Brexit and the monarch

Brexit happened as it did because the politicians managed it remarkably ineptly. I believe a constitutional monarch could have intervened quite properly in various ways. I have written before about the need for the monarch to have the power to safeguard the constitution and Brexit was certainly a change in our constitution.

The Brexit Referendum was a mess

The politicians had not thought through the question beforehand and a monarch with the powers I have suggested could have asked ‘what if’ and similar questions, such as:

  • Would a simple majority suffice or should we require a majority of 66% for such a constitutional change, as is often the case in other countries?
  • Should a minimum turnout be required as applies to trades unions strike ballots?
  • What if different parts of the country returned very different results?
  • The politicians did not consider the problem of Northern Ireland, which remains unresolved.

The monarch could also have ensured the referendum asked the right questions.  A binary, ‘in’ or ‘out’, question did not allow for people to express views such as a desire to remain close to the EU in a free trade area or to have a total break with no future relationship with the EU.

The Brexit negotiations were a mess

The monarch could have asked how the politicians would deal with a Leave vote.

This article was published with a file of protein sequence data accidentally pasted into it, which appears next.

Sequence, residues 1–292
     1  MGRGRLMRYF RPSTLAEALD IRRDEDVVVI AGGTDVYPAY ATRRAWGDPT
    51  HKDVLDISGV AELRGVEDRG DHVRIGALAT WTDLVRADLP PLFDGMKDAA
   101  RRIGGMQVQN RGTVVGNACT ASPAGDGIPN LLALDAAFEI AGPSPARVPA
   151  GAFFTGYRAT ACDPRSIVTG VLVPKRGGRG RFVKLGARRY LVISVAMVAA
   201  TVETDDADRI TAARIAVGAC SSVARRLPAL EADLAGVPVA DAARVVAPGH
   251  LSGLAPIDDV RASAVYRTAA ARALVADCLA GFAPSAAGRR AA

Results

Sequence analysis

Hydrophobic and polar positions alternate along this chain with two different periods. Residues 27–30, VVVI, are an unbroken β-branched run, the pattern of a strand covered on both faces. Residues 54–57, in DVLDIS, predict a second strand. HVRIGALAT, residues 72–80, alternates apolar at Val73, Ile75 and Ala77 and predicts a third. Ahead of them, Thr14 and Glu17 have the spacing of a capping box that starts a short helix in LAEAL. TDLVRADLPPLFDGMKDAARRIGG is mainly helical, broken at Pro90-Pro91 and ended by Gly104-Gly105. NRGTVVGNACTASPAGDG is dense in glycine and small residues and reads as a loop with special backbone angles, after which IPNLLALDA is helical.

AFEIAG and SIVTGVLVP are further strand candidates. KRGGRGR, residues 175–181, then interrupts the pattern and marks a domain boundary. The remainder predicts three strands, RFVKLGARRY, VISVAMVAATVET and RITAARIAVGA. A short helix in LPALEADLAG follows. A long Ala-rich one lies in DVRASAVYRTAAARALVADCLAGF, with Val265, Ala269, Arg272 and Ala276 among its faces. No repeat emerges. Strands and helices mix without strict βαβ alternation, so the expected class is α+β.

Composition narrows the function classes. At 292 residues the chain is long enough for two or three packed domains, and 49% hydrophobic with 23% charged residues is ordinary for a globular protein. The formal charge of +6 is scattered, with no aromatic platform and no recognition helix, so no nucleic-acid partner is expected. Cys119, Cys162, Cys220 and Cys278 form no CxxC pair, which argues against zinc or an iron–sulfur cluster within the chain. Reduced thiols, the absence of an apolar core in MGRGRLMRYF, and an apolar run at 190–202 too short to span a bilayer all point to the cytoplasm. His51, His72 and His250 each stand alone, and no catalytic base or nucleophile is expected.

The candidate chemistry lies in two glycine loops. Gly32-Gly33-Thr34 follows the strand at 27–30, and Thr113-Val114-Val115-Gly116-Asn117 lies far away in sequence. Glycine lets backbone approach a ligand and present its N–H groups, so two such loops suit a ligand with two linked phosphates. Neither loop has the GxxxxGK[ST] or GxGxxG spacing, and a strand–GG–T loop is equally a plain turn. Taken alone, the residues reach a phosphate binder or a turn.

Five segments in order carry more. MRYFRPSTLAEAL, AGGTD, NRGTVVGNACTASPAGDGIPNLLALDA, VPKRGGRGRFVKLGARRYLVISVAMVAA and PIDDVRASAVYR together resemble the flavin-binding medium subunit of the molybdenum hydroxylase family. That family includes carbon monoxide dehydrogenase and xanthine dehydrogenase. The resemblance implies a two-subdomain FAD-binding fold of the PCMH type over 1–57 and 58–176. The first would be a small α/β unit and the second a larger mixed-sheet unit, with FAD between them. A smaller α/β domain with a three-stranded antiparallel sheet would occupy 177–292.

• What would be the process and the timescale?
  • Was the referendum itself enough or did parliament have to ratify it?
  • Who was to negotiate with the EU? In the event, the EU had to negotiate with the Conservatives only: the opposition parties and the regional governments did not take part.
  • Who decided on the Red Lines?

Brexit’s aftermath was a mess

The years of inconclusive negotiations and parliamentary deadlock did not do us any good. I believe the failings I mentioned above caused these problems. Even then, a monarch with relevant powers might have helped. Perhaps he could have called a general election or a second referendum.

Was not Brexit unprecedented?

To some extent. However, one of the reasons for the failings of the Commonwealth that followed the execution of King Chares I was that the Roundheads had not thought through what they would do if they had to govern without a king. A lot of them had assumed they would achieve a compromise, but the king would not accept one. Perhaps I should set my next novel in that period, as Blood and Secrets does not take you to the end of the Civil War, only to the Battle of Newbury. The powers of British monarchs have been declining ever since, but I think it’s time to give them some more.

The cover of Blood and Secrets. Like Brexit, the Civil War lacked clear objectives.

Like Brexit, the Civil War lacked clear objectives.